Many people experience difficulty in speaking while wearing dentures, especially at first. Speak slowly and carefully. By focusing on clearly enunciating each word, talking too quickly can dislodge your dentures. Bite down firmly and swallow to shift your dentures back into place if they start to slip while talking. You should also remember the specific words or sounds that cause your dentures to slip, and practice saying them in private.

Ill-fitting dentures can cause soreness and other types of discomfort, usually while eating. It’s also possible for them to become loose over time, even when you take good care of them. Schedule an appointment with your dentist immediately to adjust your dentures if either of these things occurs. You should also see your dentist at least once a year to check their fit, whether they’re causing you any problems.

Discuss problems and possible causes with your dentist. Loose dentures may require your dentist to reline them, especially if they’re always loose. This process involves adding another layer of material to the dentures, which dentures will mold to your governments. Relining is the most common solution to loose dentures provided there in otherwise good condition, which includes both temporary and permanent relining.

Dentists may recommend you get a new pair of dentures if they feel relining won’t help. Furthermore, you’ll typically need a new pair of dentures every five years or so, no matter how well you care for them. Talk to your dentist about new dentures after this period of time, whether you think you need them or not. There are many new technologies that have been introduced in last few years such as digital dentures that can make the process of getting new dentures a lot more affordable, faster and easier. 


Implant-supported dentures, also known as overdentures, are a recent advance in prosthodontics. This alternative to conventional dentures doesn’t require regular adjustments or adhesive. Overdentures are removable, but still more secure than dentures because they have artificial teeth that attach to titanium posts. These posts are fused to your jawbone, allowing them to behave like the root of a real tooth. Instead of reducing bone density dentures, these posts can actually stimulate bone growth.

Types of over dentures:

Dentists classify overdentures into two major types, including bar-retained and ball-retained dentures. Bar-retained dentures have a thin metal bar that wraps around your jawline. A series of clips attaches this bar to two to five implants along your jawbone. Ball-retained dentures use implants with metal attachments that fit into the denture.

Dental implants may be a good option for you if your dentures continue to slip, despite your best efforts to prevent this from occurring. They’re more expensive than normal dentures, but implants also remain secure and look more like real teeth. Your dentist will have more information on implants, including the cost of the surgery.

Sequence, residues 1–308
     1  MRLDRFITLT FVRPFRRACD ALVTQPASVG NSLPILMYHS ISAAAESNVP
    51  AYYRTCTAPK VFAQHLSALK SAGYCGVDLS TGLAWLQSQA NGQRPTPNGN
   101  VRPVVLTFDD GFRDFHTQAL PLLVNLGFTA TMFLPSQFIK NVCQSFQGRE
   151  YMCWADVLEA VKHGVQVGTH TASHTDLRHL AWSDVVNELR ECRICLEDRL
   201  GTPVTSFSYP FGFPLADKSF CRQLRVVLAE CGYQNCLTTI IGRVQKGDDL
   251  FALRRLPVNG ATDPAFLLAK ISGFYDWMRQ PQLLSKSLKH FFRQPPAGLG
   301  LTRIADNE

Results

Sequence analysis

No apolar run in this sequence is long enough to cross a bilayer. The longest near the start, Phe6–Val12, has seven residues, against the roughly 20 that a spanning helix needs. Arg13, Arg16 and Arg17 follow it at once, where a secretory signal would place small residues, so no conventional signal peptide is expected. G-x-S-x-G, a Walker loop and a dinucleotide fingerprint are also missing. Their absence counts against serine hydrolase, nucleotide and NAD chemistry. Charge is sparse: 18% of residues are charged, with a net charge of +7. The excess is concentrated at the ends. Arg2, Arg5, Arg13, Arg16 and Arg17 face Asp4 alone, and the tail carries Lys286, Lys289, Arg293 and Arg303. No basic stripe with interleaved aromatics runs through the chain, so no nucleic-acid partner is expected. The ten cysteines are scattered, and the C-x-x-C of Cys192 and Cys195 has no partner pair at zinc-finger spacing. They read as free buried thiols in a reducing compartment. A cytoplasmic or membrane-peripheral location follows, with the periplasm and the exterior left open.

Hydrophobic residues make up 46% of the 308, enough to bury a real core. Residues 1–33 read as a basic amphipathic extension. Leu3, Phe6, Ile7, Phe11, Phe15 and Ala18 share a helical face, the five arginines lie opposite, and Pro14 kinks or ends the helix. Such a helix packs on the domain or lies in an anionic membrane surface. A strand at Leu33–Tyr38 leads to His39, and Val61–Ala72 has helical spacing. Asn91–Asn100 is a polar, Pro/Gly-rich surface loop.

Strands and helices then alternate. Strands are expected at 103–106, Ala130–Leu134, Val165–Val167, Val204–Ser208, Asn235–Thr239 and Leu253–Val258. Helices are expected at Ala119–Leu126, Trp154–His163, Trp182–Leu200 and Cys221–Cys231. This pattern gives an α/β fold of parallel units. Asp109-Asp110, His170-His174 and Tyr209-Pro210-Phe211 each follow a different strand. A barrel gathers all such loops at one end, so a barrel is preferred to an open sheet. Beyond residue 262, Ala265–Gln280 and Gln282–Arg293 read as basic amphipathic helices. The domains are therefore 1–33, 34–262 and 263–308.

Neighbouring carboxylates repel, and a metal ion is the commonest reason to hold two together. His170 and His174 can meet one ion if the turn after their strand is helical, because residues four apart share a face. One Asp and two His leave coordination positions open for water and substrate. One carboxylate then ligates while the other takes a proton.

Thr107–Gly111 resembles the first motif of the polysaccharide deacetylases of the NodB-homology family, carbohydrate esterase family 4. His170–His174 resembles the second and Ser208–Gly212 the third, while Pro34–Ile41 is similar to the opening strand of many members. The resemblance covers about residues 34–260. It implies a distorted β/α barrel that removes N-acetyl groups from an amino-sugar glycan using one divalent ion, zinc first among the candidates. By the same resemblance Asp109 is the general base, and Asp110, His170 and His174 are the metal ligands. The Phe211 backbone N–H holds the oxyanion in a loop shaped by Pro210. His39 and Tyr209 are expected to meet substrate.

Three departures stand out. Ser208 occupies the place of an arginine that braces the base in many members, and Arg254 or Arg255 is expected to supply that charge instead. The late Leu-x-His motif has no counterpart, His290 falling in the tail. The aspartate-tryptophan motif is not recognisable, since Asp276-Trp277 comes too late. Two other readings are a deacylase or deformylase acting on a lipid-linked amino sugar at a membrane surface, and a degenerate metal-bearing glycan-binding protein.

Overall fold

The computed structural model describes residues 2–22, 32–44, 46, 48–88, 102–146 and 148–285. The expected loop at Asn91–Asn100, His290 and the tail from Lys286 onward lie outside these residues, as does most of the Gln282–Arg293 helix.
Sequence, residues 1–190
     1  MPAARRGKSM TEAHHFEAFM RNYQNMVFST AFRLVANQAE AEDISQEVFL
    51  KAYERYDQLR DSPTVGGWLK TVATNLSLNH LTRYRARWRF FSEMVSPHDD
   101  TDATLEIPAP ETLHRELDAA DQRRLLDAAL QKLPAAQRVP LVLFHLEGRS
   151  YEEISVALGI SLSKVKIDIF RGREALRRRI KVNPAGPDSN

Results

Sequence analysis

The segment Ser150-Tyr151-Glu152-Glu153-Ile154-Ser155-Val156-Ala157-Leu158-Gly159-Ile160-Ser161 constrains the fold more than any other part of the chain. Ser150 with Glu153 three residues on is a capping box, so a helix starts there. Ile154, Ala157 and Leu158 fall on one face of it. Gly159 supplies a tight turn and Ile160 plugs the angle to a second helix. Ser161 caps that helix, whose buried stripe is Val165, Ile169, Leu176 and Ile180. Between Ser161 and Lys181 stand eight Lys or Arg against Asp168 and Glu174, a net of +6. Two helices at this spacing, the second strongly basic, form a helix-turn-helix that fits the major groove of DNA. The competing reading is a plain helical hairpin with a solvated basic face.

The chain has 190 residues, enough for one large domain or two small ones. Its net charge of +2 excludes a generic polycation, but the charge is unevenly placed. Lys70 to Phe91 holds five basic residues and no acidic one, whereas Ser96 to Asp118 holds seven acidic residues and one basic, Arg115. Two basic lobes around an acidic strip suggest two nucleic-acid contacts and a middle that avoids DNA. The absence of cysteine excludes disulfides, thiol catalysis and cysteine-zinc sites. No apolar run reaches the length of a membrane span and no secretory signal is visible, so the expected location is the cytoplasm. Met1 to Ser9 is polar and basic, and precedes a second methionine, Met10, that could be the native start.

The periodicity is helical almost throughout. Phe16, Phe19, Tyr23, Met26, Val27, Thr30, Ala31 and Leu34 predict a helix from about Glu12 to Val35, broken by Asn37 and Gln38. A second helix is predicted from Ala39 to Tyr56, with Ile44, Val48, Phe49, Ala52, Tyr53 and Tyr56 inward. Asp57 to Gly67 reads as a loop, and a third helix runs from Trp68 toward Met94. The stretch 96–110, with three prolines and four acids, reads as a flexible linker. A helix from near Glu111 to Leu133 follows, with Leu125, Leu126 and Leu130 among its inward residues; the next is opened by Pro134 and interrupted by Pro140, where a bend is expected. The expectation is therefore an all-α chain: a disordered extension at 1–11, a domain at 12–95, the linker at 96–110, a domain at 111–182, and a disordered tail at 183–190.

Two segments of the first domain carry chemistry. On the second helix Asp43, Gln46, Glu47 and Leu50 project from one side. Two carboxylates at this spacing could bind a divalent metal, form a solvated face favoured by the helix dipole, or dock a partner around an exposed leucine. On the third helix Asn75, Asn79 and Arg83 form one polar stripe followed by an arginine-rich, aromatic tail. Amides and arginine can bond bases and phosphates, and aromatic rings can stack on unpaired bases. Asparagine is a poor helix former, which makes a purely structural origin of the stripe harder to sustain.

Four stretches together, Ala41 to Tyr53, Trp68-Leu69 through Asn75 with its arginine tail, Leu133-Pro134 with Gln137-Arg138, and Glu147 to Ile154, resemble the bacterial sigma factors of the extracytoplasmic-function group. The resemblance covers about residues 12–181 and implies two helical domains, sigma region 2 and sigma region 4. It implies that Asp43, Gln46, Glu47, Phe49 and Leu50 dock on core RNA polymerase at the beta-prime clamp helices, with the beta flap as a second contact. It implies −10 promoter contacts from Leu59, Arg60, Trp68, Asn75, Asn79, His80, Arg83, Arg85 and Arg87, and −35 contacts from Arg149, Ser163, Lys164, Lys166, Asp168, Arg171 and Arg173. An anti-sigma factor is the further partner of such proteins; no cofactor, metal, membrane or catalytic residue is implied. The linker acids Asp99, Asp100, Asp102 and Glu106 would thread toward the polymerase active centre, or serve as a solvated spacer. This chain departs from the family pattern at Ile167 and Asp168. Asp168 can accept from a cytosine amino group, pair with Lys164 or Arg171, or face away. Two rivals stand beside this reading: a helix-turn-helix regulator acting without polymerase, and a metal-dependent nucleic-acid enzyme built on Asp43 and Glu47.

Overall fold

Can your dentures be repaired?

A dentist can usually restore dentures to their original fit, provided it’s only slightly off and the dentures have no major breaks. The cost can vary greatly depending on the individual dentist and the specific repairs your dentures require. Discuss with your dentist whether the cost of denture repair makes more sense than ordering new digital dentures. A dentistry is often able to offer denture financing and membership discounts to help cover the costs of both options.

Why do bottom dentures become loose?

When a dentist extracts a tooth, or it falls out naturally, the bone around the missing tooth may shrink over time. As a result, the bony architecture in that area may not be sufficient to support a denture. In this case, the dentures can become loose because they’re no longer sitting over a solid foundation.

What is the easiest way to keep my dentures in place?

OTC denture adhesive is usually the best way to keep dentures in place. While retention is an important factor in selecting adhesive, you should also consider additional factors such as its flavor and the convenience of applying it.

How long do dentures last?

Most dentures should last between three and eight years, depending on their design and material. Virtually all dentures will show somewhere after three years, even if they don’t require replacement at that time.


You can solve many problems with moving dentures through the proper selection and use of adhesives. However, you may still need to make some changes in your lifestyle to ensure your dentures remain secure. Dentures also require regular maintenance and repair to keep them from slipping. Implants are more secure than regular dentures, but they’re also more expensive. 

Schedule your appointment today to discuss your denture options. You can also learn more about caring for your dentures from our treatment coordinators who offer dentures Houston Tx.